Demand for external data acquisition is growing in organizations, and it's a complicated issue. Image: Explorium

Almost half of respondents said they spend over 50 hours per month on external data acquisition. In 2021, 78% of respondents are planning to increase their budgets for external data acquisition, and only 1% do not have a budget in place at all.

Multiple vendor relationships are slowing down external data acquisition. Nearly all respondents engage with at least two data providers in their external data acquisition strategy.

Sixty-nine percent of companies engage with three or more vendors, and 7% have five or more vendor relationships. Expectedly, the more data vendors organizations engage with, the more time and money they spend on data acquisition.

Most organizations need to discover and onboard external data at scale. When asked about the types of external data the organization was purchasing, over 50% of respondents said they are purchasing three or four types of external data.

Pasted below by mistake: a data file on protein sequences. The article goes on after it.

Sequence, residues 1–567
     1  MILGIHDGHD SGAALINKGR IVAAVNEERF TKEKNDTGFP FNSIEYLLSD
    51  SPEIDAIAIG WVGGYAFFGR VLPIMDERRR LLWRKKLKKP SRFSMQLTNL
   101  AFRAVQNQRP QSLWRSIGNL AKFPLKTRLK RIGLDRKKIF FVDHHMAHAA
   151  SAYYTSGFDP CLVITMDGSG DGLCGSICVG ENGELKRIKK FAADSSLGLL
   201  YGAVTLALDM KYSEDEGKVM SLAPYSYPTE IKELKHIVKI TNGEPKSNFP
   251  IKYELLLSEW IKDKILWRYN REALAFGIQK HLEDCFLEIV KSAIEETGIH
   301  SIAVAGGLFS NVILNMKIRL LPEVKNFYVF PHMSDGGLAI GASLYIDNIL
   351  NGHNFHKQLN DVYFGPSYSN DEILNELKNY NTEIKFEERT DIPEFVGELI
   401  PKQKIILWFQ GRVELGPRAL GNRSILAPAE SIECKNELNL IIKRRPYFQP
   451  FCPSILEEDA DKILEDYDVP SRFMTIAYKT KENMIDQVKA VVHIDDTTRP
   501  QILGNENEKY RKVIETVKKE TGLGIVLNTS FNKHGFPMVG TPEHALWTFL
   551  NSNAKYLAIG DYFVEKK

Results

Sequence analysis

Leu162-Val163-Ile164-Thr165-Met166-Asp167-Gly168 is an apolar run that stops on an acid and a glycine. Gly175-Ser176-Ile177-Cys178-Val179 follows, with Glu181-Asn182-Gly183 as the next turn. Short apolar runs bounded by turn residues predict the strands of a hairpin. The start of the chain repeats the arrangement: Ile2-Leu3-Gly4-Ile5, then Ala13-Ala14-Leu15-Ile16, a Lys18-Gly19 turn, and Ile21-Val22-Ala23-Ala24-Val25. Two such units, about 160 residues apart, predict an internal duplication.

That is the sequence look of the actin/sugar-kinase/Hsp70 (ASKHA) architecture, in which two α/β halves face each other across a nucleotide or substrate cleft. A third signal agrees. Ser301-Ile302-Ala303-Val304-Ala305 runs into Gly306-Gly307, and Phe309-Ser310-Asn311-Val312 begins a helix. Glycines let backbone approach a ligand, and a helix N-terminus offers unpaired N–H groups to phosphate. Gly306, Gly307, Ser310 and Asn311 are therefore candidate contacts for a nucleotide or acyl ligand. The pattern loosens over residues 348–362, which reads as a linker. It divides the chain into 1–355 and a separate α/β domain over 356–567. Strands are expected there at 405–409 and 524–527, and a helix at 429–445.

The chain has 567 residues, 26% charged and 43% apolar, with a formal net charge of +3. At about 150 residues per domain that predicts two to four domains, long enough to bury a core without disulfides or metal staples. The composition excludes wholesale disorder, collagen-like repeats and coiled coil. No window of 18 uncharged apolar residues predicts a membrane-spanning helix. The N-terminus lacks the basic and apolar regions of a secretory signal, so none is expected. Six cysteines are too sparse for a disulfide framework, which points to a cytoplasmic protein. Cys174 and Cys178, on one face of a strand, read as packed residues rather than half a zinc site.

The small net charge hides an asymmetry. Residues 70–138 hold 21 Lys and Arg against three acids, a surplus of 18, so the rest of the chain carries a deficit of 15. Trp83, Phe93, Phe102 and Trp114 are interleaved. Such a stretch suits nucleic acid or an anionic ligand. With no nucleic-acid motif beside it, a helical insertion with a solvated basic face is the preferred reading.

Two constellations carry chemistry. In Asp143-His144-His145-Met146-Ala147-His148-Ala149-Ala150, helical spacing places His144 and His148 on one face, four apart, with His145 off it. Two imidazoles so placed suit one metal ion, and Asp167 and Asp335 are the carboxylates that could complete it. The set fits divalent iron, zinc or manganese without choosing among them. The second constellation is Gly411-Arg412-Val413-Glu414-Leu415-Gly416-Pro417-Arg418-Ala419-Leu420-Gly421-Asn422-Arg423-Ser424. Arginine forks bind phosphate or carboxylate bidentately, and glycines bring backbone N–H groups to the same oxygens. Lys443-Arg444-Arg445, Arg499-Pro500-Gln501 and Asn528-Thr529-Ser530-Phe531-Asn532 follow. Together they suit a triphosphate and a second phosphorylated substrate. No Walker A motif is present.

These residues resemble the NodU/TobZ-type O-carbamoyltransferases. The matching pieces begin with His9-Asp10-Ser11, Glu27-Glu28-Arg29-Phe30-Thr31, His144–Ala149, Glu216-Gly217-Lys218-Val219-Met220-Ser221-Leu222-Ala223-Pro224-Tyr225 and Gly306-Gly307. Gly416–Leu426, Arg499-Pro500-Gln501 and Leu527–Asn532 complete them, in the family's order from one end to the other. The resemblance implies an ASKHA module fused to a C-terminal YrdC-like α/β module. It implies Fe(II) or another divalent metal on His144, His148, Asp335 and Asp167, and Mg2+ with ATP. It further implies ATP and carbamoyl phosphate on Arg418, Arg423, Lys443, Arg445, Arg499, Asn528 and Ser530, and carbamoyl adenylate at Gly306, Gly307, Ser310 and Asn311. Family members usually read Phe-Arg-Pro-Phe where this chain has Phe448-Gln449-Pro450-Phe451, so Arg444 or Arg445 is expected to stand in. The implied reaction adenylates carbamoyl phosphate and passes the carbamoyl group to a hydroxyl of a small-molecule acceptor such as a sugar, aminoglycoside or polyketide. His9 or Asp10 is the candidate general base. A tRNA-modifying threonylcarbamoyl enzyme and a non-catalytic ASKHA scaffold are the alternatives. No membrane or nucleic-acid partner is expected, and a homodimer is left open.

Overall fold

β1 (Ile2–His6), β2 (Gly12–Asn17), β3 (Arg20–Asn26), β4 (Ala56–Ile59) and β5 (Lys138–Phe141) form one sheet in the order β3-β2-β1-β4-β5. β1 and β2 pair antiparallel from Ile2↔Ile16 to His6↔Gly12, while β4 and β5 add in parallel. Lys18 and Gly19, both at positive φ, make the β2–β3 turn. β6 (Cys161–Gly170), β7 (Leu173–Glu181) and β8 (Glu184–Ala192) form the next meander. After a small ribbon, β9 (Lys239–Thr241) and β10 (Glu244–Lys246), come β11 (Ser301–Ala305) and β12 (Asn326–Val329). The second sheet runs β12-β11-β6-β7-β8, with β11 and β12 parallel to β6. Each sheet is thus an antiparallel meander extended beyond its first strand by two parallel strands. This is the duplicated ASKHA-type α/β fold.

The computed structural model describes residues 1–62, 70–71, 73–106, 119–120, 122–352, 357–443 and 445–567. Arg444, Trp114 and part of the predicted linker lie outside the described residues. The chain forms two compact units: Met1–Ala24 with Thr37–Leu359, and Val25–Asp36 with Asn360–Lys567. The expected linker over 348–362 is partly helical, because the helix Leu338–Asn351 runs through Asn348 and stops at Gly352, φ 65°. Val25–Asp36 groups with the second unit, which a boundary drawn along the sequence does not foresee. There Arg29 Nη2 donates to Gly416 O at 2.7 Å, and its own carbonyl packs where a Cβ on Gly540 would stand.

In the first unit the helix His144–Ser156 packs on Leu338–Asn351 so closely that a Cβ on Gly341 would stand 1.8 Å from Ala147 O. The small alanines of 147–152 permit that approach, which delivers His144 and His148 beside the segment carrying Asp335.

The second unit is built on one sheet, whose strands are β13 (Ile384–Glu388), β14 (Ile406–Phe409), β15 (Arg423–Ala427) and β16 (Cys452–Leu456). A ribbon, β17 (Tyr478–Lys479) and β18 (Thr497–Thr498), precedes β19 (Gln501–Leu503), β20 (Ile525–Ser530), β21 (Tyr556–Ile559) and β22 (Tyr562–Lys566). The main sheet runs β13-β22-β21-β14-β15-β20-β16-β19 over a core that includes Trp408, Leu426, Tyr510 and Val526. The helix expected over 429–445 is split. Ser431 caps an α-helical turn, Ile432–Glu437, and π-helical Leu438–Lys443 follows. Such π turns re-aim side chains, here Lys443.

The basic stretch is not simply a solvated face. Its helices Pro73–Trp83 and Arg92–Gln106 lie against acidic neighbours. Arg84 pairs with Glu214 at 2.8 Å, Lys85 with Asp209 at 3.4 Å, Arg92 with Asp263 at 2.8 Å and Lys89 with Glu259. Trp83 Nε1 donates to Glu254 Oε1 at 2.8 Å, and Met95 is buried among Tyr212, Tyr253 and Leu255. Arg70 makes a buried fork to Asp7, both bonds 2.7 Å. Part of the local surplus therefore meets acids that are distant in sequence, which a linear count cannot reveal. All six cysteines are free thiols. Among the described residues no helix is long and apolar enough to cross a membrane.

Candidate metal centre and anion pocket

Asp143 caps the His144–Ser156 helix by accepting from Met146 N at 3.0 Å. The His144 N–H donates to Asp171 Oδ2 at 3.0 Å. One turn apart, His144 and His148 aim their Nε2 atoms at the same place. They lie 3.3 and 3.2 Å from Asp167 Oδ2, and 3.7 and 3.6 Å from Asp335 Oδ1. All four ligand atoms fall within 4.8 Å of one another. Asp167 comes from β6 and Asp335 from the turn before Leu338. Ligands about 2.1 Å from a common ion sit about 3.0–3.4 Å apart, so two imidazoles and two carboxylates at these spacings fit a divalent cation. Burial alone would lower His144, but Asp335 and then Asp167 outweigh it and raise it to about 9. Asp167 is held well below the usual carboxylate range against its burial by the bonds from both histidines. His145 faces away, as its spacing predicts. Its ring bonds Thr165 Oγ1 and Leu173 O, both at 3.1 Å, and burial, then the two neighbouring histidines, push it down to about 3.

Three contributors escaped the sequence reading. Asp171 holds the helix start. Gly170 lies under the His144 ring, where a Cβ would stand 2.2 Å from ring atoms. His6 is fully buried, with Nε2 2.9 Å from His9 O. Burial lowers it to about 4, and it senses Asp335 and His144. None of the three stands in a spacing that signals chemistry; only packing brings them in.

This means the efforts and costs of purchasing a single data source must be multiplied in order to fulfill their business needs. As the number of use cases, data sources, and providers evaluated for each data source grows, this increases efforts exponentially, and so organizations must find a way to make the process more scalable.

Removing friction is the road to success

Concluding, the survey found that 77% of respondents simply don't know what to look for in data acquisition, despite considering it valuable. Nearly all respondents said that finding relevant external data, as well as deriving insights from data, is medium to high effort for their organization.

Granted, that survey was sponsored by Explorium, and it points towards a single end-to-end platform, which Explorium would very much like to be. Regardless, the need for data external to organizations seems to have legs. As Shlomo emphasized, COVID-19 has exacerbated this by showing how diversified datasets can lead to better predictions.

Explorium touts itself as the external data platform that automatically discovers thousands of relevant data signals and uses them to improve analytics and machine learning. Explorium's platform works in three stages: Data enrichment, feature engineering, and predictive modeling.